Radical Instrument

IT is changing the exercise of power. Radical Instrument is picking up the signals.

Jack Goldsmith on the cyber arms race

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Today’s Washington Post contains an editorial from Jack Goldsmith, head of the U.S. Justice Department’s Office of Legal Counsel for several months in 2003-2004. It’s a striking piece, arguing that cyber-norms can’t come about until the U.S. discloses or curbs its offensive cyber-activities.

Beneath the text seems to be a concern that animates Goldsmith’s book about his time in the OLC, “The Terror Presidency.” While sympathetic to the Bush Administration, Goldsmith’s time in the OLC saw him concerned with the legal cover that a potentially limitless war gave to executive seizure of power by fiat, rather than via “softer measures.” To quote from his article on the Obama Administration’s counterterrorism strategy:  “Packaging, argumentation, symbol, and rhetoric, it turns out, are vitally important to the legitimacy of terrorism policies.One can’t help but wonder whether some of the same concerns around power aren’t evident here.

More recently, Goldsmith co-authored a book which attempts to dismantle claims that the Internet will undermine government power, among other things. But doesn’t the current Google-China dispute show that that the question of norms actually isn’t being actively pursued by governments, but by non-governmental actors? Goldsmith highlights a possible hypocrisy in Secretary of State Clinton’s call for “norms of behavior among states.” But he neglects to note that this speech was prompted – or at least pre-empted – by actions taken by Google.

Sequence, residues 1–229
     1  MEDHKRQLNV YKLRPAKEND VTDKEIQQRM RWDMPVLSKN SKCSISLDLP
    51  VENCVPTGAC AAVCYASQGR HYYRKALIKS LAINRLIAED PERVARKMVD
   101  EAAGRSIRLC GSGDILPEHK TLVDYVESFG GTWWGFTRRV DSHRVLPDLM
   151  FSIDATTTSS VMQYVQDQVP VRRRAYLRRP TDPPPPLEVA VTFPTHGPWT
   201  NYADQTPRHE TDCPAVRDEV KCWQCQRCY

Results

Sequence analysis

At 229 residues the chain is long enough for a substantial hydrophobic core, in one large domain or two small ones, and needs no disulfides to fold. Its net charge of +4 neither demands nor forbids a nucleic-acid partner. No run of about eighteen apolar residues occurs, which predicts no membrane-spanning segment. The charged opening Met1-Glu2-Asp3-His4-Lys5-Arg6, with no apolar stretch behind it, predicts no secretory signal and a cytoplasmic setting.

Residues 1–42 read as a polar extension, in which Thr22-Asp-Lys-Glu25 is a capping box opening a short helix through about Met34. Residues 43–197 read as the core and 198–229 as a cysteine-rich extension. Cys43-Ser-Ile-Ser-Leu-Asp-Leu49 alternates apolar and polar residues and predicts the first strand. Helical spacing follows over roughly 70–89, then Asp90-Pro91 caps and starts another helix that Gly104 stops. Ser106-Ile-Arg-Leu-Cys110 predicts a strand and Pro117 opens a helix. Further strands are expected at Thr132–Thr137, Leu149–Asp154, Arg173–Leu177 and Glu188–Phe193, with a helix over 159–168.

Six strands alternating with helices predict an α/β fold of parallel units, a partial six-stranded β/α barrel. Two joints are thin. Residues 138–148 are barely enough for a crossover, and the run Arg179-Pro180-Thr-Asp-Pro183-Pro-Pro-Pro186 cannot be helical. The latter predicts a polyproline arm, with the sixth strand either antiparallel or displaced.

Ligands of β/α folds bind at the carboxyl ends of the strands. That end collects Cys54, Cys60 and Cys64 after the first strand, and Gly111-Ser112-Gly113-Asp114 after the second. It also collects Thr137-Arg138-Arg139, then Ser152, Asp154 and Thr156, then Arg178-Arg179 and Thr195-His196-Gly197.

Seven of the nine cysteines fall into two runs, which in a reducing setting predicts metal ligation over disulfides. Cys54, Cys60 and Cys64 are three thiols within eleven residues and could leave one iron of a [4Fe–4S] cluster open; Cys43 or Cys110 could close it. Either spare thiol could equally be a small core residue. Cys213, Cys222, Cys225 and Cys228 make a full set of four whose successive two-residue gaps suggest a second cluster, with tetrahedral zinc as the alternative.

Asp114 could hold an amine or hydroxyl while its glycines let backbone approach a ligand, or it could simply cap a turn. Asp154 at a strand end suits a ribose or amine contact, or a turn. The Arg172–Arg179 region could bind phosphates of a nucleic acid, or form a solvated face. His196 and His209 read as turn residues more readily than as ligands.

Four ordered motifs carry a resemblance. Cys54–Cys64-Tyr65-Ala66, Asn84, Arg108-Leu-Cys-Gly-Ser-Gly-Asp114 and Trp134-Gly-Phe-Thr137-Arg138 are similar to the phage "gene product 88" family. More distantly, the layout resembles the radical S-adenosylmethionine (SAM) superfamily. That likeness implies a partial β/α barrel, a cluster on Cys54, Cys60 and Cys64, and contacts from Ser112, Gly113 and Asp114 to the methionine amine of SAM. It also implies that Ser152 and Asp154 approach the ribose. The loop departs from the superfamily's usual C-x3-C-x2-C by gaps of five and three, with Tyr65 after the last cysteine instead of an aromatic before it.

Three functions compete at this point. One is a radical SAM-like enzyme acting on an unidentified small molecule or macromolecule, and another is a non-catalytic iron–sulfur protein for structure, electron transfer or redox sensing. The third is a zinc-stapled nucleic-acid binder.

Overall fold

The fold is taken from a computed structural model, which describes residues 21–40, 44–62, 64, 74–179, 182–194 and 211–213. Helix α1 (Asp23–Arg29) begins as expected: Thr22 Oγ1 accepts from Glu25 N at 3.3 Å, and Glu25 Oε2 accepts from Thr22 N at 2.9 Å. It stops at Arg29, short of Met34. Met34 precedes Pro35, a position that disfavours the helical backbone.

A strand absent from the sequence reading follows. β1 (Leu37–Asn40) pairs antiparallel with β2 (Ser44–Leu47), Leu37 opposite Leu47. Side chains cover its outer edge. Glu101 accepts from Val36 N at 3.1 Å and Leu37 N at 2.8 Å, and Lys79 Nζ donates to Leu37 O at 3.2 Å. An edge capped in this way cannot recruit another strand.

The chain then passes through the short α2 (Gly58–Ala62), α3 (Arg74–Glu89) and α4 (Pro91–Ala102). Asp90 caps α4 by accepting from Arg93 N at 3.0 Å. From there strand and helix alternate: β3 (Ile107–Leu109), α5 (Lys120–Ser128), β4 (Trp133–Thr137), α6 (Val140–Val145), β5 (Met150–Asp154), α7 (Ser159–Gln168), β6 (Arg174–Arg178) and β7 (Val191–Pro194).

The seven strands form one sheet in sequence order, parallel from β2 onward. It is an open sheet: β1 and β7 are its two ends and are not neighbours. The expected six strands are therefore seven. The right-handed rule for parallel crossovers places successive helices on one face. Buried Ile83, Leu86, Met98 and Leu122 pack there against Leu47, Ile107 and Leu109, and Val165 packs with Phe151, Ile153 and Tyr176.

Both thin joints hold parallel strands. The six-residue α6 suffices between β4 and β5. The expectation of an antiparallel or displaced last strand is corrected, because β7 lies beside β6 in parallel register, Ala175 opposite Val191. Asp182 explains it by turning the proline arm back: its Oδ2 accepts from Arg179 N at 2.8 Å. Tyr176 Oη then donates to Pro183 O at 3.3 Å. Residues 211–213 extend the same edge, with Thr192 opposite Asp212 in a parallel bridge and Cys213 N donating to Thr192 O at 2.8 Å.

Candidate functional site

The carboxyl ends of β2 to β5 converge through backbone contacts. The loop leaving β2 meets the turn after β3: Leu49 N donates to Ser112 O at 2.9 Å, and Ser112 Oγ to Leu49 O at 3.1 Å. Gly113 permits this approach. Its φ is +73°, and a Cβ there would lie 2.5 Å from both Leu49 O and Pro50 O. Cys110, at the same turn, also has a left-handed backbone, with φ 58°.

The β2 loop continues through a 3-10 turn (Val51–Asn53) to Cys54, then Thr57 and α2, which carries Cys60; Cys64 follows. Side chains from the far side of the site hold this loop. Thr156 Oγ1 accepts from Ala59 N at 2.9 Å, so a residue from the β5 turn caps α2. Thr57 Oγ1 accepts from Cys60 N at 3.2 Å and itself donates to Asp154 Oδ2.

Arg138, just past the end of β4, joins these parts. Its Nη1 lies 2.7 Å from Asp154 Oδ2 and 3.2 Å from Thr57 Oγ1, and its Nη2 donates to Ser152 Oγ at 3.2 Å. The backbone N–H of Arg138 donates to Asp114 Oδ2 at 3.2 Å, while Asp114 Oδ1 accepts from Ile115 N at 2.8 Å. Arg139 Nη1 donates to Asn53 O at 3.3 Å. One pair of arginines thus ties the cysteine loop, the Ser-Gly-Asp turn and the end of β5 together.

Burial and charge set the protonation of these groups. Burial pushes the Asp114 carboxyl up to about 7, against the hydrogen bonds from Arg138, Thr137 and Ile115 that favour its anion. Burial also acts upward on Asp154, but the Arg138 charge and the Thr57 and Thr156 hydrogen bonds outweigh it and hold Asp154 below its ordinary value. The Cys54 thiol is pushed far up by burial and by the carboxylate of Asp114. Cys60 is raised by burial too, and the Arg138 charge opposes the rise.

Certainly, patterns of similar cyberattacks had occurred previously, without a clear response on the part of the U.S. government (which has, as Goldsmith notes, provided tacit support for “hacktivism” in other circumstances). The vacuum of government action to promote norms may well lead to a situation in which norms originate from the private sector – either consciously, or through business decisions created by an environment of cyber-insecurity. To answer the question posed by the title of Goldsmith’s book, “Who Controls the Internet?” … well, I’m still not sure.

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Written by Mark

February 1, 2010 at 11:42 pm

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